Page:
This evening the Charlotte Business Journal is reporting the death of Ballantyne Crossing aka BallanCroft.
In the end a poorly conceived project that put a spotlight on Ballantyne's most deep seeded fears couldn't endure financial scrutiny. But questions and fears as well as a good sized black eye remain. The damage thanks to Stuart Proffitt and a community that is quick to toss in the race card will be a lasting stain on the name of Ballantyne.
According to Susan Stabley of the CBJ: "Republic Development Group says it will withdraw a rezoning petition for an affordable housing project proposed at the intersection of Johnston Road and Providence Road West".
Late on Monday, the Charlotte Housing Authority withdrew from the development citing costs.
Less than two hours later in front of a capacity crowd Proffitt explained he was moving forward without the CHA. During the meeting Proffitt faced fierce opposition, failed to sway sentiment and was often unable to explain even the most basic fundamentals of the project. To many homeowners in attendence the project was a mistake even if it didn't included low income housing.
Republic principal Stuart Proffitt says his firm found out on Tuesday that the application cannot be transferred to his company.
“Without Housing Trust Fund money, also known as ‘local money,’ the project’s tax credit application would no longer be competitive,” Proffitt told the Charlotte Business Journal in an e-mail.
Legal troubles for the project started when the developer was forced to change the name Ballantyne Crossing to BallanCroft because of trademark infringement.
And now according to the Charlotte Observer there is more than just a bad idea going on here. Apparently as Republic moved forward with the controversial project, the housing authority was investigating how two CHA staff members helped put the deal together.
The members of Republic, John Schwaller and Proffitt, are vice presidents of SPQR Real Estate Company, according to the N.C. Department of the Secretary of State. The president of SPQR is Ben Collins, who was a senior development officer with the Charlotte Housing Aauthority.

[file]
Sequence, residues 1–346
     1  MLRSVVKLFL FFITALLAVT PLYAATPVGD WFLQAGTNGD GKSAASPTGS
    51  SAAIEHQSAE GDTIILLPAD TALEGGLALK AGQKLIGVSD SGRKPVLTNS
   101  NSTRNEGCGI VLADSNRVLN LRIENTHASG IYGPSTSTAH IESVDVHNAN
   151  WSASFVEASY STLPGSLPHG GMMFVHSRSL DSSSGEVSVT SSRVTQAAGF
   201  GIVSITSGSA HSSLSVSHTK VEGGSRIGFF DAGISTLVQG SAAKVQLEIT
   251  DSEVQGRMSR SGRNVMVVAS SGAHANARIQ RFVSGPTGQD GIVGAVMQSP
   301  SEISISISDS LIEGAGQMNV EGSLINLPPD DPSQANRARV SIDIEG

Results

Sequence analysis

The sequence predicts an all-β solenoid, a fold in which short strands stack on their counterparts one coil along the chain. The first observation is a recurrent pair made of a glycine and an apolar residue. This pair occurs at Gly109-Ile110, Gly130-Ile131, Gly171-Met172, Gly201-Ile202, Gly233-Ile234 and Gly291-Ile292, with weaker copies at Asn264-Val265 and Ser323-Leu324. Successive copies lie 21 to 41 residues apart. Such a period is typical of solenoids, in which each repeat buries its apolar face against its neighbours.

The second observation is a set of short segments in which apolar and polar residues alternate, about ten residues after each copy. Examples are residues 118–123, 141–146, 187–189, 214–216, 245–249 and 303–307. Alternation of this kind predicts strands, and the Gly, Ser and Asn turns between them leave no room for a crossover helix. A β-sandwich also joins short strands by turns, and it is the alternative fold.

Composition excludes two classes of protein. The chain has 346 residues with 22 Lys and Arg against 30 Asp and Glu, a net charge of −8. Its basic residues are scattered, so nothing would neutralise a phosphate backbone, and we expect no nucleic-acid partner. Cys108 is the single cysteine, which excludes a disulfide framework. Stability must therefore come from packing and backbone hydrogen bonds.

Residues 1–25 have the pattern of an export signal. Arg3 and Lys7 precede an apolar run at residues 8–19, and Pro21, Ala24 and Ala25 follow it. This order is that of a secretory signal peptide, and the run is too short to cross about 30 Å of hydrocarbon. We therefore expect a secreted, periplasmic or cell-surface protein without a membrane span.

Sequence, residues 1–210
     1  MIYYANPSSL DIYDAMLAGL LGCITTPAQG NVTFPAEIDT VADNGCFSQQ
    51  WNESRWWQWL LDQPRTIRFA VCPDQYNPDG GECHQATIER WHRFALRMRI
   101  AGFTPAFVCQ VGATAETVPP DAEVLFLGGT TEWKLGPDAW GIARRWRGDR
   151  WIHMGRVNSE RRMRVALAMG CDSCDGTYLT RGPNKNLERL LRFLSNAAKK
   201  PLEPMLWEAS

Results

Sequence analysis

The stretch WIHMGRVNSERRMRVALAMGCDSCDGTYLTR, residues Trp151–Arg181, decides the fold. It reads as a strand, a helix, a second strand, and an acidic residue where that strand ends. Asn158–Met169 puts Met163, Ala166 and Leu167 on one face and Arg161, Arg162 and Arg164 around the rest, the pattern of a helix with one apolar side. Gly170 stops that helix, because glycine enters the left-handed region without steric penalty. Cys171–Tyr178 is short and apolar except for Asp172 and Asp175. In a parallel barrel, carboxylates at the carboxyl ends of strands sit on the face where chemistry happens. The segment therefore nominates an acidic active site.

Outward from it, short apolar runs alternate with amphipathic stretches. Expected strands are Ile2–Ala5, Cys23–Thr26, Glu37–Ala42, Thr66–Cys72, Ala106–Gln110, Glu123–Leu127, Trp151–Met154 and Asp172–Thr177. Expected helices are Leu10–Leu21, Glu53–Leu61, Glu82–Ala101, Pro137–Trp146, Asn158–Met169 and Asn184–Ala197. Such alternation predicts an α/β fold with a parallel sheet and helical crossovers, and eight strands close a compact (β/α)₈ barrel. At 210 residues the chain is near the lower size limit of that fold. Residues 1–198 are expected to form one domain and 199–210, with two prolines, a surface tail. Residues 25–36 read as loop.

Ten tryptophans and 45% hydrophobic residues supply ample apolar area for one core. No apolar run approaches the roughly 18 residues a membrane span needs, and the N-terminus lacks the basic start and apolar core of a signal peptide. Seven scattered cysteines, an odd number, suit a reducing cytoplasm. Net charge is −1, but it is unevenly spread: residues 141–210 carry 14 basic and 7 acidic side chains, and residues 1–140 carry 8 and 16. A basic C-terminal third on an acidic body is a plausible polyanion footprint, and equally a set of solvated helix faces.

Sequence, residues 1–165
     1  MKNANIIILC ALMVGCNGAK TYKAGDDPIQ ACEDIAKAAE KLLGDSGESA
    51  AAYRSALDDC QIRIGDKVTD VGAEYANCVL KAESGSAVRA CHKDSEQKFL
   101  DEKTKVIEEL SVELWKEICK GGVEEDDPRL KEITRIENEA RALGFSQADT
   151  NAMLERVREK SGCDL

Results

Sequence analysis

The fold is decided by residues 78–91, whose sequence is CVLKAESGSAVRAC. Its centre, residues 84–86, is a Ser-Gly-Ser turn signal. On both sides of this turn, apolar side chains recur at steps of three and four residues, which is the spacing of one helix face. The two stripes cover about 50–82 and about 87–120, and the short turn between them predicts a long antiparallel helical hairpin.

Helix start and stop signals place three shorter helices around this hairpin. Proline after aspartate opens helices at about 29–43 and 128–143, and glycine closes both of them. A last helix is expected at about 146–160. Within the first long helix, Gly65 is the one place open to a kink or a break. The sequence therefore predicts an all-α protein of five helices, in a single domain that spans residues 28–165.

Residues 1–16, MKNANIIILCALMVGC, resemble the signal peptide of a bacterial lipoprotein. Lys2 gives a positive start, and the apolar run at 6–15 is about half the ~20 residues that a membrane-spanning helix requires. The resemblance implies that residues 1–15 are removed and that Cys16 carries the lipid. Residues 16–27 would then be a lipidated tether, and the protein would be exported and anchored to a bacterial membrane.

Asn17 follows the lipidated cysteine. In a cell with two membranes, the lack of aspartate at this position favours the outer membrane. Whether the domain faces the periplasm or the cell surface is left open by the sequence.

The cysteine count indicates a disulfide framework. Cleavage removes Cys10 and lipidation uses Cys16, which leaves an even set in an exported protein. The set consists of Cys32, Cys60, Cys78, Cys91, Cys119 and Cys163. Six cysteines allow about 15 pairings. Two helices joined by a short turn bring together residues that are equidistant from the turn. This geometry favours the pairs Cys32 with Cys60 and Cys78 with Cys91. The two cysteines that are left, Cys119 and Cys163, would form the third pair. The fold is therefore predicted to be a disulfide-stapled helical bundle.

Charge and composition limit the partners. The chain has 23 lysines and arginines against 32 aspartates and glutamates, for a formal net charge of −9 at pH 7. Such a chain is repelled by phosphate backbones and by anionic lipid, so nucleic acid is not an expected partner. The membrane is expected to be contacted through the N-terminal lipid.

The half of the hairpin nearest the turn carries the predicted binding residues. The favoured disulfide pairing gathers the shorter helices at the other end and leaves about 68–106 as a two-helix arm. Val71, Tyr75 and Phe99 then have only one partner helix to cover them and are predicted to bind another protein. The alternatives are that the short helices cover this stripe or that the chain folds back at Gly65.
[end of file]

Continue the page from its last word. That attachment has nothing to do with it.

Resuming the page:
Collins helped the authority and Republic create a partnership for the Ballantyne apartments, known as Ballancroft.
Collins and his boss, Kathleen Foster, vice president for real estate, left the authority on Feb. 11, said CHA spokeswoman Jennifer Gallman. Their departure came after the authority conducted an investigation about how the business relationship between Republic and Collins was handled, according to sources.
The Observer further reported that Proffitt was surprised by the fallout from SPQR and the authority. He went on to say that his relationship with Collins was known inside CHA and that there was nothing improper about Republic’s relationship with Collins.
“There was absolutely nothing wrong with our relationship,” Proffitt said. “Everything we did was 100 percent above board.”
So add CHA to the list along with CMPD, DDS, ABC, BOCC, CCC, and you have an alphabet soup of corruption within City County GovCo.
While the death of Ballantyne Crossing AKA BallanCroft will be good news for Ballantyne homeowners the damage done by the Charlotte Housing Authority and Stuart Proffit will take months if not years to undo. Clearly the failure of this project and City Council's commitment to force subsidised housing in Ballantyne will depress home values under a continued cloud of uncertainty.
And again Charlotte's has an issue of corruption another city/county operation with questionable ethics. What the heck is going on and why was Cooksey and Cannon so intent on approving the project, so much so that they came to each others aid on Monday?